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View Full Version : Wilmut Turns Back On Nuclear Transfer Cloning


Darth InSidious
11-17-2007, 06:15 AM
http://www.telegraph.co.uk/earth/main.jhtml;jsessionid=NBV5HTXLLDG51QFIQMGSFGGAVCBQ WIV0?xml=/earth/2007/11/16/scidolly116.xml

The scientist who created Dolly the sheep, a breakthrough that provoked headlines around the world a decade ago, is to abandon the cloning technique he pioneered to create her.

...
He and his team made headlines around the world in 1997 when they unveiled Dolly, born July of the year before.

But now he has decided not to pursue a licence to clone human embryos, which he was awarded just two years ago, as part of a drive to find new treatments for the devastating degenerative condition, Motor Neuron disease.

Prof Wilmut, who works at Edinburgh University, believes a rival method pioneered in Japan has better potential for making human embryonic cells which can be used to grow a patient's own cells and tissues for a vast range of treatments, from treating strokes to heart attacks and Parkinson's, and will be less controversial than the Dolly method, known as "nuclear transfer."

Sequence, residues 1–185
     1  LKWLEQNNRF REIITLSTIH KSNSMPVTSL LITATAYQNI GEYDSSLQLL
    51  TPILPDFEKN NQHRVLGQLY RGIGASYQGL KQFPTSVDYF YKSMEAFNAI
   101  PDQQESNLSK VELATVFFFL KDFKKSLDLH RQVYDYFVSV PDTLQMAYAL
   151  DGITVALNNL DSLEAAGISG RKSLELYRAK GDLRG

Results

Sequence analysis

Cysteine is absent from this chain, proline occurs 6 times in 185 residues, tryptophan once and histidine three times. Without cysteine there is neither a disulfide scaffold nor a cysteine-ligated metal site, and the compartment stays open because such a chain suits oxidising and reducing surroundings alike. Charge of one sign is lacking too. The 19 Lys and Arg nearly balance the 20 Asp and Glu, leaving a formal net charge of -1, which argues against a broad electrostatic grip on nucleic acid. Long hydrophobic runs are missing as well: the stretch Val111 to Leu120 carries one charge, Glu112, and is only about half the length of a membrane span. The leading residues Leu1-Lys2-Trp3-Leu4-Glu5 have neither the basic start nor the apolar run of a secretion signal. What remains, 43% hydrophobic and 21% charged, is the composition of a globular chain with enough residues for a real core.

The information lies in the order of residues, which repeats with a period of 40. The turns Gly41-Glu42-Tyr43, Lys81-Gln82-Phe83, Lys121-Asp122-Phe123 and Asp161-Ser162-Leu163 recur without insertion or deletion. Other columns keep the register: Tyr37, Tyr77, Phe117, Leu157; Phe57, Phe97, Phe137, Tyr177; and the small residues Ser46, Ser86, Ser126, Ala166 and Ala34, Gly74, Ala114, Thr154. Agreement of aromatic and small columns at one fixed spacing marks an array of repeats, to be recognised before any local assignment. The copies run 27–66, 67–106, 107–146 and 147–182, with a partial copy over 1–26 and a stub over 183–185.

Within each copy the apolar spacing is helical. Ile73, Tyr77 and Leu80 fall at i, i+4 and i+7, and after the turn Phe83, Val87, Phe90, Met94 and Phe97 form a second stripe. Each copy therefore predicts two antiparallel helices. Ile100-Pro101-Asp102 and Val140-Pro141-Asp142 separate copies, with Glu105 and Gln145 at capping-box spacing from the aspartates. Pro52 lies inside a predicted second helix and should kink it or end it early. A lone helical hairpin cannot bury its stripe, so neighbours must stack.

His announcement could mark the beginning of the end for therapeutic cloning, on which tens of millions of pounds have been spent worldwide over the past decade. "I decided a few weeks ago not to pursue nuclear transfer," Prof Wilmut said.

Most of his motivation is practical but he admits the Japanese approach is also "easier to accept socially."

His inspiration comes from the research by Prof Shinya Yamanaka at Kyoto University, which suggests a way to create human embryo stem cells without the need for human eggs, which are in extremely short supply, and without the need to create and destroy human cloned embryos, which is bitterly opposed by the pro life movement.

...

Interesting, no?

Totenkopf
11-17-2007, 01:06 PM
I was almost going to post that one too, DI. If practical, it robs the pro-abort/ESC crowd of their silver lined cloud. :thmbup1:

John Galt
11-17-2007, 01:30 PM
Lets just hope it works. I've got some family members who really look to benefit from tissue cloning.

Rev7
11-17-2007, 04:41 PM
Very interesting I must say...

mimartin
11-17-2007, 07:13 PM
If practical, it robs the pro-abort/ECT crowd of their silver lined cloud. :thmbup1:I believe you hit the nail on the head here with that one little two letter word. If it isn't then it set back research, and could cause people to die unnecessarily, including children. I hope for the sake of all human life it is sucessful.